We have

cos(2pi/7) +cos(4pi/7) + cos(8pi/7) = -1/2

The best way to prove this will be to simplify the left side. To do that we need to be able to try and collect like terms.

There is a trigonometric identity that says:

sin(x)cos(y) = (1/2)[(sin(x+y)+sin(x-y)]

Let's multiply both sides of the equation by sin(pi/7):

sin(pi/7)cos(2pi/7) + sin(pi/7)cos(4pi/7) + sin(pi/7)cos(6pi/7) = -1/2

Now, we apply the identity above:

(1/2)[sin(pi/7+2pi/7) + sin(pi/7-2pi/7)] + (1/2)[sin(pi/7+4pi/7) + sin(pi/7-4pi/7)]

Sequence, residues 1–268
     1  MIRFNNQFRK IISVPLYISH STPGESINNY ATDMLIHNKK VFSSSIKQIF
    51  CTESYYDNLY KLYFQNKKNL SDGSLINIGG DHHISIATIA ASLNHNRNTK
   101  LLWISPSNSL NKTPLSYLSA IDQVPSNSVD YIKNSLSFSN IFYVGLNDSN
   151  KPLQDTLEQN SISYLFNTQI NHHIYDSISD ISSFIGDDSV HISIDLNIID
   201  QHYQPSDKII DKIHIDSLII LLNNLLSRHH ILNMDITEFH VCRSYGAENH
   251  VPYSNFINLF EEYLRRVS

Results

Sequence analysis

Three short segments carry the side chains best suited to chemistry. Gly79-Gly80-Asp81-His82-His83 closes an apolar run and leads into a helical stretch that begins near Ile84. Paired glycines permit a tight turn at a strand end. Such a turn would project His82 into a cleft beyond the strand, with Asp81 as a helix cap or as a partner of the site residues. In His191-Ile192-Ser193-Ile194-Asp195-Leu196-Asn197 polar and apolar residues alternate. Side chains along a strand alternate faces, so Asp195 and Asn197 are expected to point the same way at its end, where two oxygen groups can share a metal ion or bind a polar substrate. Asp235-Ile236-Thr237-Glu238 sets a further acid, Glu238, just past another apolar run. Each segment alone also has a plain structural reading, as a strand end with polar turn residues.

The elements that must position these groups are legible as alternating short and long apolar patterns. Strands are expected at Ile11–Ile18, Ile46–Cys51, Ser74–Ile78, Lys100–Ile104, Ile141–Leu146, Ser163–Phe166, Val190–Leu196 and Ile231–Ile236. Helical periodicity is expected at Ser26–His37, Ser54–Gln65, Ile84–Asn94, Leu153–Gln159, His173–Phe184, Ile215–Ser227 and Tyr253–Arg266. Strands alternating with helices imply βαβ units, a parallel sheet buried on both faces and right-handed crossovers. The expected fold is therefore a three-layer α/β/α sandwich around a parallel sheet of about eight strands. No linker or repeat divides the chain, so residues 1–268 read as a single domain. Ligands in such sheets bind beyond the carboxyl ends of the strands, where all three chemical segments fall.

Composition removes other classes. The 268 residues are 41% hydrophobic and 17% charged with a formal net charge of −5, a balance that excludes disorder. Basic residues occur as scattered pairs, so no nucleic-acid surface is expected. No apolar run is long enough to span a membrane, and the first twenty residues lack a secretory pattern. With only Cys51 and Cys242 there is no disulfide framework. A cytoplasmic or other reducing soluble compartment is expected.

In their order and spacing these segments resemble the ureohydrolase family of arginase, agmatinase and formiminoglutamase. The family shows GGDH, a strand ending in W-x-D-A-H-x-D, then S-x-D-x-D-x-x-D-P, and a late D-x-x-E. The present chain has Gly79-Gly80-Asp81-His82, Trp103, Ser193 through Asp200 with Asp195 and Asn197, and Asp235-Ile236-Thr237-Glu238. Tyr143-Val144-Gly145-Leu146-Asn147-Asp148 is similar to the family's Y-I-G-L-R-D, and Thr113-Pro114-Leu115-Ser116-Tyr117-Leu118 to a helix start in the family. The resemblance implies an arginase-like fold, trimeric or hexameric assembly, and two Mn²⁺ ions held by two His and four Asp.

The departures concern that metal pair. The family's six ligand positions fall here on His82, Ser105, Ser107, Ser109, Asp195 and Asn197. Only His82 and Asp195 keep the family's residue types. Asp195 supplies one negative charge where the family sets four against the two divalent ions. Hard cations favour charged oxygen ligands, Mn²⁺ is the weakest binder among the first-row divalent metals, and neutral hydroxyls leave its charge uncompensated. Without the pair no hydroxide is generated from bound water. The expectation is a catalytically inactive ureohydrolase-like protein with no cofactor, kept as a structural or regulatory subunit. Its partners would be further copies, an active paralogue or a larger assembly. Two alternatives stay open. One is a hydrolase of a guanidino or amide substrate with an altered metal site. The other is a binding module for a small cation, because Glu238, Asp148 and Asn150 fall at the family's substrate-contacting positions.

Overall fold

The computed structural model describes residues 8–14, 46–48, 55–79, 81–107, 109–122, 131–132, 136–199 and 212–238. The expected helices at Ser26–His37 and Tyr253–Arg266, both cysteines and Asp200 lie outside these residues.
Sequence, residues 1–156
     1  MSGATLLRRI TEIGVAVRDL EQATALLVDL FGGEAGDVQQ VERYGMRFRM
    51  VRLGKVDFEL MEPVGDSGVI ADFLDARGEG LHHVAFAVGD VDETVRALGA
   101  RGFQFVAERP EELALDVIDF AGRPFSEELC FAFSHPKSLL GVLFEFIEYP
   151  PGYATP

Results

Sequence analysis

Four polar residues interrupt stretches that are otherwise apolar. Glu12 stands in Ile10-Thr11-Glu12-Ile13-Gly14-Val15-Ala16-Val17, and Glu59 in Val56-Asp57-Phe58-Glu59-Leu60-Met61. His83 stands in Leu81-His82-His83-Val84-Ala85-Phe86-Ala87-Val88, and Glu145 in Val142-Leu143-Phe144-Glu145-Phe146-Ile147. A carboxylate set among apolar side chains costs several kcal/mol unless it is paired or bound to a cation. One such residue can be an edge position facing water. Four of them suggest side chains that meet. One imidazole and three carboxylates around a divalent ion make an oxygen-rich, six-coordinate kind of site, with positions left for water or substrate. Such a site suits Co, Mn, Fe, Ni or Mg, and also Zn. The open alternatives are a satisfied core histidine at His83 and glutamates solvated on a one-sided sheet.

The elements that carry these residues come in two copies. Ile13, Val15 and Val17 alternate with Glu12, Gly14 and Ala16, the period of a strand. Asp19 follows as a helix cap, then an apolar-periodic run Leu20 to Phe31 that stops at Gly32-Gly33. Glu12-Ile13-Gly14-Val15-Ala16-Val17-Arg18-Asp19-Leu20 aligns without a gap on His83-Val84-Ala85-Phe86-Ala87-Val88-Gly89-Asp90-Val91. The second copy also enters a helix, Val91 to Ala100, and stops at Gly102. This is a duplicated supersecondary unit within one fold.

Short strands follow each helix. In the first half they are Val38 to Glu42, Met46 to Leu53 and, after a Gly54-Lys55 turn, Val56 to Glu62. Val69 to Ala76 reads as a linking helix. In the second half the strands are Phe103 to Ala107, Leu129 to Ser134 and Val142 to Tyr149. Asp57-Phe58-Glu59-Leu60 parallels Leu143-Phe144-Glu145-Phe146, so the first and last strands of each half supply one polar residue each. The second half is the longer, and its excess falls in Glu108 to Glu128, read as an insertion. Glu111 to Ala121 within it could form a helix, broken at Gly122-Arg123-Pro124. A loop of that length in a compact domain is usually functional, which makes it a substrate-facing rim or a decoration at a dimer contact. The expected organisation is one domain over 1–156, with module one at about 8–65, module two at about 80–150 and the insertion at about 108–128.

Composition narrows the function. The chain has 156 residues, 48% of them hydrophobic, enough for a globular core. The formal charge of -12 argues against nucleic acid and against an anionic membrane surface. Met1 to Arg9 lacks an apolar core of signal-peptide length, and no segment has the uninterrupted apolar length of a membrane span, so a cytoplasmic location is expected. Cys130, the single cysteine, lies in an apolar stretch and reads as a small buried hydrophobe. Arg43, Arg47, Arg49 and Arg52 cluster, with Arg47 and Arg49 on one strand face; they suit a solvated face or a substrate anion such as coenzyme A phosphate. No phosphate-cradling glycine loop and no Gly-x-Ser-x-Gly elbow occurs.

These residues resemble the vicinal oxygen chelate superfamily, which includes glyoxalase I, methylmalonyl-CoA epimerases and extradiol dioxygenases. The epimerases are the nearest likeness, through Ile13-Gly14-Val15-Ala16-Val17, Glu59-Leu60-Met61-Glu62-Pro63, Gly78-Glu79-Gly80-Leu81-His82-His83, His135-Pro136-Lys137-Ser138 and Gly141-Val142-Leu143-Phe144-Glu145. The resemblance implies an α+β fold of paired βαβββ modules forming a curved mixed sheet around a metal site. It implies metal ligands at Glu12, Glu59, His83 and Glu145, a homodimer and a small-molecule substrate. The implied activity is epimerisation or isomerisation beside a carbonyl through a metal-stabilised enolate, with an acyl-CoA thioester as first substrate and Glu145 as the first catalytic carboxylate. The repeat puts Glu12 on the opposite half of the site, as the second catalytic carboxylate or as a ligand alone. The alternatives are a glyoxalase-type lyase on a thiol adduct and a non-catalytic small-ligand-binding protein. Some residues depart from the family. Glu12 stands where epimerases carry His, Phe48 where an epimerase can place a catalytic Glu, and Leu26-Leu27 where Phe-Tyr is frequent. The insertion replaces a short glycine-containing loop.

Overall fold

+ (1/2)[sin(pi/7+8pi/7) + sin(pi/7-8pi/7)] = -(1/2)sin(pi/7)

We can multiply both sides by 2 and simplify the terms a bit:

[sin(3pi/7) + sin(-pi/7)] + [sin(5pi/7) + sin(-3pi/7)] + [sin(9pi/7) + sin(-7pi/7)] = -sin(pi/7)

Further simplifying:

sin(3pi/7) - sin(pi/7) + sin(5pi/7) - sin(3pi/7) + sin(9pi/7) - sin(7pi/7) = -sin(pi/7)

Now, we can collect like terms:

sin(5pi/7) + sin(9pi/7) - sin(7pi/7) = 0

But sin(7pi/7) = 0:

sin(5pi/7) + sin(9pi/7) = 0

At this point you can probably inference whether the identity will be proved, or not.

By the way, was the problem stated/copied correctly? I find myself wondering of the last term of the left half of the equation should be cos(6pi/7), not cos(8pi/7).

Hope this helps!